Horizontal Analysis calculates the amount and percentage changes in financial figures from one period to another period of time. In other words, it compares financial data for at least two years/months/quarters/periods. The objective is to find out the change in financial figures as well as the direction of such change.
Let’s understand Horizontal Analysis with the help of an example. Suppose Smith owns an ice cream shop in Florida. At the end of the financial year 2017-18, he prepared the profit and loss account for his business. After preparing the profit and loss account of his ice-cream business and analyzing it, he concludes that the sales of his ice are very low. He also concludes that his business needs a marketing campaign to boost sales. He ran a marketing and advertisement campaign for the full year 2018-19 and Sat the evaluate the results of his marketing campaign.
Now, the major objective behind launching the marketing campaign was to increase sales of his ice-creams. So, he sits down to find out if the sales of his ice-creams increased over the previous year. This is what horizontal analysis is all about. You compare the financial results of two different periods to find out if the results have improved or gone down.
There are two methods of doing the horizontal analysis- Dollar Analysis and Percentage Analysis.
This method of horizontal analysis expresses the change in figures in absolute terms, or in terms of amount. Continuing the above example of Smith and his ice-cream business, suppose Smith finds out that total sales of ice-creams for the financial year 2018-19 stand at $ 50,000. Now suppose the sales of his ice-creams for the previous financial year 2017-18 was $30,000. Calculating the difference, he gets to know that his ice-cream sales have improved by an amount of $20,000. His marketing campaign was successful. Dollar analysis stops here. As mentioned before, dollar analysis tells us the change in terms of absolute values or change in terms of amount.
Dollar Change = Amount of the item in the current year – Amount of the item in the previous year
This method of horizontal analysis expresses the change in financial values in terms of percentage rather than in terms of actual figures. So, in our example of Smith’s ice-cream business, a percentage analysis will tell him that his ice-cream sales have increased by 66.67% ((50,000 – 30,000/30,000) *100).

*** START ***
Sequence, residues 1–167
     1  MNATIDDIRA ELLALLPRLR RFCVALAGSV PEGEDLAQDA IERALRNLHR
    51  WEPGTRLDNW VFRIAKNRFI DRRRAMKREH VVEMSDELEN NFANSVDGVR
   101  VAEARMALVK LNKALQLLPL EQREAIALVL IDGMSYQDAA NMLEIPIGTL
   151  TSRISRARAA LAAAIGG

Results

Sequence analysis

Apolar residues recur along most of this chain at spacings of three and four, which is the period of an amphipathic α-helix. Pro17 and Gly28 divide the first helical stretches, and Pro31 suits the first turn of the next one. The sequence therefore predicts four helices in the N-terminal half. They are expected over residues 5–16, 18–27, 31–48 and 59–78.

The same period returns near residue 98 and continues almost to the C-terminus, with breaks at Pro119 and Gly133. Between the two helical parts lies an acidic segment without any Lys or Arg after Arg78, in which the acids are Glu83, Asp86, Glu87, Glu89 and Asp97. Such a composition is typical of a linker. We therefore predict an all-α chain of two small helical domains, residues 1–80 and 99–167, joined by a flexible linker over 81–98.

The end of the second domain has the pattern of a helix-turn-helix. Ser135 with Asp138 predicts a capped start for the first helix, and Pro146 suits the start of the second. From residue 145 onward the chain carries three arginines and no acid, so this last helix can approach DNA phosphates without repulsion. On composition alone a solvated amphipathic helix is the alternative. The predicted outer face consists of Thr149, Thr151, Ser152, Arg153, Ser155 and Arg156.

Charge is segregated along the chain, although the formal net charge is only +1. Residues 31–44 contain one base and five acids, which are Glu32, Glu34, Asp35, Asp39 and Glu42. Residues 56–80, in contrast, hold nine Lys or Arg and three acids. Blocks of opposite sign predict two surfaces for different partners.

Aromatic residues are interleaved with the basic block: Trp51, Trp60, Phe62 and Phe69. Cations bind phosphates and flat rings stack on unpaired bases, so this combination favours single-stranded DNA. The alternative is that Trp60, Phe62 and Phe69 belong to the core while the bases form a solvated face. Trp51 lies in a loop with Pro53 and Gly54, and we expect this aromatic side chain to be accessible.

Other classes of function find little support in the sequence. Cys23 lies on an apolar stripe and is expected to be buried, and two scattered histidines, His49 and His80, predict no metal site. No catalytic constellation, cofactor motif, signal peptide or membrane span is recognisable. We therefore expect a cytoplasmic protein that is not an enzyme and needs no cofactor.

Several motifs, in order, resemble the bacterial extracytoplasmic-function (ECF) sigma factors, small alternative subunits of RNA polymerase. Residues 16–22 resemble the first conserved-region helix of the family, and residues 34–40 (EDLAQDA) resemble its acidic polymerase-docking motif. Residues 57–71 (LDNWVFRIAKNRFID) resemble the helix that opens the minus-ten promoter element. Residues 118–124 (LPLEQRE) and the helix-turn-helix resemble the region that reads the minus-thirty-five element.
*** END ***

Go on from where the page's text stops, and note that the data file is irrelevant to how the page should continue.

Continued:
Percentage Change = (Dollar Change/ Amount of the item in the previous year) *100
Percentage analysis as a method of horizontal analysis is usually preferred over dollar analysis for a simple reason. It is always easy to understand the change in percentage terms rather than in terms of actual values. For e.g., If Smith tells his friends that he has increased his ice-cream sales by an amount of $20,000, they may not be much impressed. A $20,000 increase in one complete year is not a very big change. However, if Smith tells his friends that he has increased the sales by 66.67%, now he is talking! A 66% increase in sales in a year speaks that the business is growing at a very rapid speed.
Horizontal Analysis of an Income Statement
Horizontal Analysis doesn’t conclude with finding the change in sales over a period. To get a clear picture of the performance of our business, we need to do a horizontal analysis of each item in our income statement. A complete horizontal analysis of income statement might tell us that while our sales figure increased by 66.67%, our profits declined by 10% over the previous year. There can be many reasons for this. For e.g., the increase in sales might have resulted because of proportionately higher marketing expenditure, resulting in a dip in profits.
Suppose given below are the income statements for this year and the previous year for Smith’s ice-cream business.
Horizontal Analysis – Income Statement for the Years Ended March 31st
|Particulars||2017-18||2018-19||Dollar Change||Percentage Change|
|1. Revenue from sales||30,000||50,000||20,000||66.67|
|2. Cost of goods sold||15,000 |
|3. Gross Profit (1-2)||15,000||28,000||13,000||86.66|
|4. Selling and Administrative Expenses||5,000 |
|5. EBITDA (3-4)||10,000||13,000||3,000||30.00|
|6. Depreciation and Amortization Expenses||3,000 |
|7. EBIT (5-6)||7,000 |
|8. Interest||2,000 |
|9. EBT or Profit before Tax (7-8)||5,000||8,000||3,000||60.00|
|10. Tax (20%)||1,000 |
|11. Net Profit||4,000||6,400||2,400||60.00|
The above example of Horizontal analysis shows us that a 66% increase in sales led to a 60% increase in net profits. The increase in Selling and Administrative expenses by 200% (remember Smith’s marketing and Advertisement campaign) explains this gap of 6%. A decrease in proportionate Cost of Goods Sold also contributed to the increase in net profits.
In some cases, it may happen that an attempt to increase the sales results in lower net profits. Suppose if a company spends $50,000 in a year to increase its sales by $30,000. Also, suppose that $30,000 worth of sales gives a net profit of $15,000. In this case, the net profit of that company will come down by $35,000 as an expenditure of $50,000 could only add $15,000 to the company’s net profits. Therefore, horizontal analysis is extremely useful for businesses to understand how the numbers in their income statement are moving.
Cautions While Relying on Horizontal Analysis
Horizontal Analysis can be used to misguide or manipulate the outside parties. Usually, the purpose of such manipulation is to artificially make the results of this year appear good. This can be done by comparing the current period’s performance with that period which will make the current period’s performance look good. For e.g., if I compare the sale of greeting cards this Christmas season with the last year’s Christmas season, growth in sales may not look great. But, if I compare this Christmas season’s sale with the previous month’s sale, the results will be amazing as the previous month was an offseason for me.